Putin to Loan “Closest Ally” Belarus $1.5 Billion
The sum is small because Belarus isn't in serious financial trouble in the first place. The greater significance is that Moscow continues to stand with Lukashenko
Russia is to provide a $1.5 billion (€1.25 billion) loan to Belarus, Vladimir Putin announced on Monday.
The announcement was made after the Russian leader met with his Belarusian counterpart Alexander Lukashenko in the resort city of Sochi.
The meeting between the two leaders is the first since Lukashenko claimed victory in the August 9 presidential election. The opposition, the European Union, and the US have rejected the results which credited the Lukashenko, in power for 26 years, with over 80 per cent of the vote and have condemned the use of violence against peaceful protest.
To appease protesters, the Belarusian leader, sometimes labelled “Europe’s last dictator”, has proposed amending the constitution. The opposition has dismissed the proposal has a ploy to buy time.
Putin, who once again congratulated Lukashenko on his election victory on Monday, described the proposed constitutional reform as “a logical, timely and proper thing to do”.
He also reiterated his support for a union treaty envisaging close political, economic and military ties between the two countries.
“We regard Belarus as our closest ally and, of course, as I have told you many times over our telephone conversations, we will honour all our commitments,” he told Lukashenko.
“We agreed that during this complicated period Moscow would grant Minsk a state loan of $1.5 billion and we will do this.
“We will have to continue our cooperation in defence,” he also said.
Joint military exercises planned last year started on Monday. Putin assured that Russian troops currently in Belarus for the exercises “will return to their permanent stations” once they’re concluded.
Before the election, and despite the treaty, Russia and Belarus often engaged in acrimonious disputes with Lukashenko repeatedly accusing the Kremlin of pressing Belarus to abandon its independence.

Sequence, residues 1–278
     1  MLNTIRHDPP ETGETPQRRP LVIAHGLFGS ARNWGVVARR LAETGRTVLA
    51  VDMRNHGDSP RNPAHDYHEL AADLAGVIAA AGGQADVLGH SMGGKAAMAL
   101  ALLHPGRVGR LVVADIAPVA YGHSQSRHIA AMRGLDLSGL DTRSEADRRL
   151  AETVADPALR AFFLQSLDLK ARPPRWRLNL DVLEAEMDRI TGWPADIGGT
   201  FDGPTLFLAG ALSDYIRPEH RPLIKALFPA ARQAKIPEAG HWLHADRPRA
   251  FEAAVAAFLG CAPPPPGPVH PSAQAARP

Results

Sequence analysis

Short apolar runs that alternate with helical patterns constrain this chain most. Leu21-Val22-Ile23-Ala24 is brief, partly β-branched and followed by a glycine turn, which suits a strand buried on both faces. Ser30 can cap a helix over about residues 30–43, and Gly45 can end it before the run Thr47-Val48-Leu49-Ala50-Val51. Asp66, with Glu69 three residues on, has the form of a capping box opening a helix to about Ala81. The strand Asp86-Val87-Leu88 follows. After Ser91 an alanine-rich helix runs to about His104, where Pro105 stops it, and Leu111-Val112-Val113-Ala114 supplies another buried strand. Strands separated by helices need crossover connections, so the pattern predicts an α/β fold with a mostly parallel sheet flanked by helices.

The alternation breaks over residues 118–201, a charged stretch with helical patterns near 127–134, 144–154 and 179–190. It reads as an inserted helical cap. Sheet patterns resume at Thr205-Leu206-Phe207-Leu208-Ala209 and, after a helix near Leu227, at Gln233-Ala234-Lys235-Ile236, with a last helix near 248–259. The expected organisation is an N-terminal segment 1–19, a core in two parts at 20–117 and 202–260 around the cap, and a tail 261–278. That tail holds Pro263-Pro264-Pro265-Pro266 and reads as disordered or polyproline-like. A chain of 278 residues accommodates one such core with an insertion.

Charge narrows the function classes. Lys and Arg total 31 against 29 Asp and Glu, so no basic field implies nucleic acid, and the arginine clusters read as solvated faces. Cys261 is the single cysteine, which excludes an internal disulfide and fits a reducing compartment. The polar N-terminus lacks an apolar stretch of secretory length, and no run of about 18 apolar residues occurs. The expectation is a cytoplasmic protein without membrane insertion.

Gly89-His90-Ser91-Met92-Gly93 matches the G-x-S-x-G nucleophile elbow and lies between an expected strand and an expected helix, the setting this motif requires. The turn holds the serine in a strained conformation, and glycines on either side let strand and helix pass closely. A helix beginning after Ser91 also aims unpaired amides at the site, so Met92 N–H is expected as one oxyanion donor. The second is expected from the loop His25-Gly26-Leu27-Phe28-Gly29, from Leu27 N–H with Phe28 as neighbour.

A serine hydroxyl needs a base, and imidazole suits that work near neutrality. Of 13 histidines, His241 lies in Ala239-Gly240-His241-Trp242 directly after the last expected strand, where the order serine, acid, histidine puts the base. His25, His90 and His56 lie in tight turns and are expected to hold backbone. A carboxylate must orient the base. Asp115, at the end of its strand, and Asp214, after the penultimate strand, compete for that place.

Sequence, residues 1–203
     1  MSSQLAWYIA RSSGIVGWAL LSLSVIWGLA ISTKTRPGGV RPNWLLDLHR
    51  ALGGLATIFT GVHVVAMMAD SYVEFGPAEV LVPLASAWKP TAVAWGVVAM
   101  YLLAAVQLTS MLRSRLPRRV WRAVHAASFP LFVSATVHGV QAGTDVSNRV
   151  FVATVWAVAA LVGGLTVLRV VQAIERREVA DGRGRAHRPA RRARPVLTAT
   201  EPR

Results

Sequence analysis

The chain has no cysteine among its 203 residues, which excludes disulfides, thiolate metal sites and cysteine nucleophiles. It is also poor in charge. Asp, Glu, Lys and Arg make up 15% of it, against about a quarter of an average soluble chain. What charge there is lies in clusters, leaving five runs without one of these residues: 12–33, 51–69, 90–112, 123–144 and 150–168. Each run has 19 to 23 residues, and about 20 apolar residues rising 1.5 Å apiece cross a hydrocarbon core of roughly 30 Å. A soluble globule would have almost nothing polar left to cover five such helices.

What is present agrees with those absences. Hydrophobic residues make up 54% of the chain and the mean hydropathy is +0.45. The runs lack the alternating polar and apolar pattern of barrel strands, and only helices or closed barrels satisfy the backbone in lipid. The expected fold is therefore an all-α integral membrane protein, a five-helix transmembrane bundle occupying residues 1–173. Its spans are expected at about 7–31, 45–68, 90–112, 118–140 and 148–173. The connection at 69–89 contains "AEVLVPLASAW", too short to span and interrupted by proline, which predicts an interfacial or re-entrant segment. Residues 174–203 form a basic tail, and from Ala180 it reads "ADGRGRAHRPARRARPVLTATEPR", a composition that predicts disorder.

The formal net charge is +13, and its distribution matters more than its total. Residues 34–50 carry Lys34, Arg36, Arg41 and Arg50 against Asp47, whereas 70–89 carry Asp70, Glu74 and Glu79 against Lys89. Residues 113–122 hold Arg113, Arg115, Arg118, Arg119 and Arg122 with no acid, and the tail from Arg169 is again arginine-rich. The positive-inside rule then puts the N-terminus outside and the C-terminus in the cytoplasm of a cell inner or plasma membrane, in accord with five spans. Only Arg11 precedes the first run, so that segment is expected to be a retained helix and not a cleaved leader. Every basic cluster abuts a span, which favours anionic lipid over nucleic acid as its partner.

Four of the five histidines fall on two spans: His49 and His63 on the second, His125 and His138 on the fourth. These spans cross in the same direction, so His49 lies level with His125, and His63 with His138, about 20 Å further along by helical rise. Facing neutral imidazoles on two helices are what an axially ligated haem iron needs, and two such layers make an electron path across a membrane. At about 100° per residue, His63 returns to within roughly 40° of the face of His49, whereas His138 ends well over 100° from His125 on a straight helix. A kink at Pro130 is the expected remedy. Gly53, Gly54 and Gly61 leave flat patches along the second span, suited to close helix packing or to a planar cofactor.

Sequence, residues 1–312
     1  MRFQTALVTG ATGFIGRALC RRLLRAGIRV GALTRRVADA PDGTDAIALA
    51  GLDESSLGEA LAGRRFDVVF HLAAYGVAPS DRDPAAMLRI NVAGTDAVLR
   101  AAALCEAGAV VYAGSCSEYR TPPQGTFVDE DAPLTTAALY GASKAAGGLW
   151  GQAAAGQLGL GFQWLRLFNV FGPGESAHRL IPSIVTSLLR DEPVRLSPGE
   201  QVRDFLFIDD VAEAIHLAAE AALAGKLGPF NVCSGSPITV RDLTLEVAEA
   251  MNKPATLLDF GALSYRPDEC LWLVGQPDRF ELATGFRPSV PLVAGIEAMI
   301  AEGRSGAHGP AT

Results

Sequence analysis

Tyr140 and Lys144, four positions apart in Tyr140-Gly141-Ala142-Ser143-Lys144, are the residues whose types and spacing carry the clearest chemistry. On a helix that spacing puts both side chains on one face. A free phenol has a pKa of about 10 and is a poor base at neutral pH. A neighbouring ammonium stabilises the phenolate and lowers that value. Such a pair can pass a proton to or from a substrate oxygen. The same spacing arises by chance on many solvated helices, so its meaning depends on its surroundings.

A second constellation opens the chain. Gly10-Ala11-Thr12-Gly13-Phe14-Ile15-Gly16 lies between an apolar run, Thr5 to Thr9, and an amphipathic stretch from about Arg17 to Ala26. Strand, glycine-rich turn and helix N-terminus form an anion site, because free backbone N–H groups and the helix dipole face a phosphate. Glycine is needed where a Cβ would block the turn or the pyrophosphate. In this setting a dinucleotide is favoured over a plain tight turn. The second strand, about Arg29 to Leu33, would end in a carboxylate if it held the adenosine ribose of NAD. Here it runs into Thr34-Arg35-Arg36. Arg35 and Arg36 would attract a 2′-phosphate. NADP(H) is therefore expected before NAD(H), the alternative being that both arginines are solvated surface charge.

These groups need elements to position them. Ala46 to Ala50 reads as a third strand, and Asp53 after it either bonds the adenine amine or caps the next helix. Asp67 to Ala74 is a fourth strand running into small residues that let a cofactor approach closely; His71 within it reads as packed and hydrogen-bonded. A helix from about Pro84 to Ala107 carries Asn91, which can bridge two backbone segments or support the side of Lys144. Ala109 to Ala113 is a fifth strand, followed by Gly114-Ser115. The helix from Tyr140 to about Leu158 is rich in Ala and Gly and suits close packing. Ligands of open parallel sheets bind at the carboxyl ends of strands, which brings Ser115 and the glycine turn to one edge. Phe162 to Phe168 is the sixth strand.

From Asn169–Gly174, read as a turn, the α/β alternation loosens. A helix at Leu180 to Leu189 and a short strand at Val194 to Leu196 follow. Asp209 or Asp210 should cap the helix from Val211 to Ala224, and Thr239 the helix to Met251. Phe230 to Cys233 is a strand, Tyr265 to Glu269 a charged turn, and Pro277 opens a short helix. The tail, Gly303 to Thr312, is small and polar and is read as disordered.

But with the U.S. and the EU criticising the election and readying a package of sanctions against Belarus, Lukashenko now has to rely squarely on Russia’s support.
Despite frictions in the past, the Kremlin abhors the prospect of public protests forcing the resignation of the Belarusian leader, fearing it could embolden Putin’s critics at home.
Svetlana Tsikhanouskaya, the main opposition challenger to Lukashenko, left for Lithuania a day after the August vote under pressure from Belarus authorities. She warned Putin that any agreements he may reach with Lukashenko will not stand with a new opposition-led government.
“I’m very sorry that you have opted to have a dialogue with the usurper and not the Belarusian people,” she said Monday. “Any agreements signed with Lukashenko, who lacks legitimacy, will be retracted by the new government.”
An estimated 150,000 people marched through Minsk on Sunday demanding Lukashenko’s resignation. [Yesterday that small crowd was “100,000”, now it’s already “150,000”.] The Interior Ministry said 774 people were arrested in Minsk and other cities of Belarus for holding unsanctioned rallies on Sunday.
Eu foreign ministers are to agree on sanctions against Belarusian officials involved in the rigging of the election and subsequent violence on September 21.